genesis.json contain information required to create the very first block in the blockchain (called the coinbase). This is only required when using geth as the blockchain client. The file contains information such as the initial mining difficulty, gas limit for transactions etc.

Interesting fact: Bitcoin’s coinbase block famously contains this piece of extra data:

The Times 03/Jan/2009 Chancellor on brink of second bailout for banks

truffle.js contain basic configuration neededs for the Truffle framework in order to connect to the blockchain which we will start later in this guide.

4. Writing your first smart contract

Alright, we’re done with the basic project structure and we have everything we need to actually write our own contracts. Throughout this blog post series we will use sample code from the Iron Doers project which is a quite simple concept briefly described in a practical example of using blockchains and the project’s whitepaper.

Smart contracts are written in Solidity and I’ll cover some basics of how it works, but for more details I recommend you reading the Solidity documentation. Our first smart contract will be a simple organisation that can do four different things:

The source code for this organisation is very straight forward. Solidity is a strictly typed language which makes it quite easy and convenient to read:

I won’t go into all the linguistic details of how Solidity works, but there are a few key things going on here:

5. Writing tests for smart contracts

Tests are extremely important when dealing with systems of trust and financial data. Tests can be written in either Solidity or with Javascript (using Truffle’s abstractions that call out to the bytecode on the blockchain). I’ve chosen Javascript because our front-end will later be written in Javascript, which means we can have all our tests in a single language — that’s handy!

The Truffle framework embeds support for the popular Mocha test framework for Javascript. Here’s what some basic tests look like for the above contract:

Notice the syntax difference between a call vs transaction, i.e. vs contract.addDoer().

6. Running tests

Now we’ve got our tools, the project structure, the first contract and some tests in place. Let’s run it all! First we need to start the blockchain we will use to run our tests on:

$ testrpc

Then, in a new terminal window you must compile and migrate all contracts to the blockchain you just started:

$ truffle compile --all
$ truffle migrate --reset

Then finally we can run the automated tests with one simple command:

$ truffle test

Hopefully you will see something like this:

Bonus: Installing and running geth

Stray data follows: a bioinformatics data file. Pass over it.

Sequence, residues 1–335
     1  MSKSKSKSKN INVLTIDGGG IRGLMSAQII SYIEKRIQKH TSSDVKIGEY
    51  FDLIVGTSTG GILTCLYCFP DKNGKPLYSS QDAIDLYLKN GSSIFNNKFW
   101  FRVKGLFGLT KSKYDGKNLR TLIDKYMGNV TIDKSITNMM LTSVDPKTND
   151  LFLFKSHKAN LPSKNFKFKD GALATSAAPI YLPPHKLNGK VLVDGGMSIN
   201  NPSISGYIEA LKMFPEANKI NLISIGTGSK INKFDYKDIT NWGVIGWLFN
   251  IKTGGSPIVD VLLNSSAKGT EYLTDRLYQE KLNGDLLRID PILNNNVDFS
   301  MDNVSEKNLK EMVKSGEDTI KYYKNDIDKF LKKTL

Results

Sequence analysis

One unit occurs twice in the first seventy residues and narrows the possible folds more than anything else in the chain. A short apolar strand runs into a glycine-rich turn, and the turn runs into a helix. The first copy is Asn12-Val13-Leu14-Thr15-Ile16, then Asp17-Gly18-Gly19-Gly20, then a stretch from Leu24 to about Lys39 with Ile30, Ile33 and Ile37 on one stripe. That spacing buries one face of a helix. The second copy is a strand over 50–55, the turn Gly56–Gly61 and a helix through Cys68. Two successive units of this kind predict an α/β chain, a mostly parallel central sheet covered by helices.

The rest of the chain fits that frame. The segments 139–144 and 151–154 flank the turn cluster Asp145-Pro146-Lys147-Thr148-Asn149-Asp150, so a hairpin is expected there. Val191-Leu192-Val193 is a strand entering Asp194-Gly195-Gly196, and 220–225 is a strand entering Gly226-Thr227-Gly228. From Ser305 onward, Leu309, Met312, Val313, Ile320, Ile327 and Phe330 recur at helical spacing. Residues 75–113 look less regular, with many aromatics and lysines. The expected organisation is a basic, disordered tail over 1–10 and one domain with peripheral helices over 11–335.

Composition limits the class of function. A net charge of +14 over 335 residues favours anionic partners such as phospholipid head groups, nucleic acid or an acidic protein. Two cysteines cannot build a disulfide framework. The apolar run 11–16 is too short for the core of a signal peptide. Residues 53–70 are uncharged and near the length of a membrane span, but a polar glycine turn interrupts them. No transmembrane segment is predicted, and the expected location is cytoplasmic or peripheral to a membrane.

This setup will use the geth client to run a local blockchain. This is good for advanced testing and debugging, but can be a little bit complicated to set up. If you want to run the test suite against a blockchain on geth instead of testrpc then you need to manually create all required accounts and fill them with Ether accordingly (this is what testrpc does automatically for you).

Install global dependencies:

$ brew tap ethereum/ethereum
$ brew install ethereum

To begin operating the blockchain you first need to initiate the genesis block and then jump into the console:

$ geth --datadir ./chain init ./genesis.json
$ geth --datadir ./chain --rpc --rpcapi="db,eth,net,web3,personal" console

Note that this blockchain isn’t very useful yet — there are no accounts and no one is mining, so no transactions would be verified. To fix this we need to:

  1. Create the first user account
  2. Unlock said account
  3. Start mining Ether

First, while inside the geth console, create a new account and give it a password by running:

> personal.newAccount()

Second, to unlock the account for 9999 seconds by copying the address that was created in the previous step and run:

> personal.unlockAccount("the address", "the password", 9999)

Third, in order to be able to do transactions you need to (a) have some Ether to pay the gas fees and (b) validate said transactions. Both are achieved via mining, which you start in the console by running (using 1 CPU thread):

> miner.start(1)

At any point you can stop mining by running the below function. But remember, no transactions will be processed while mining is stopped! Mining is what keeps the system running.

> miner.stop()

Continue reading

Featured image: Creative Commons Attribution 3 -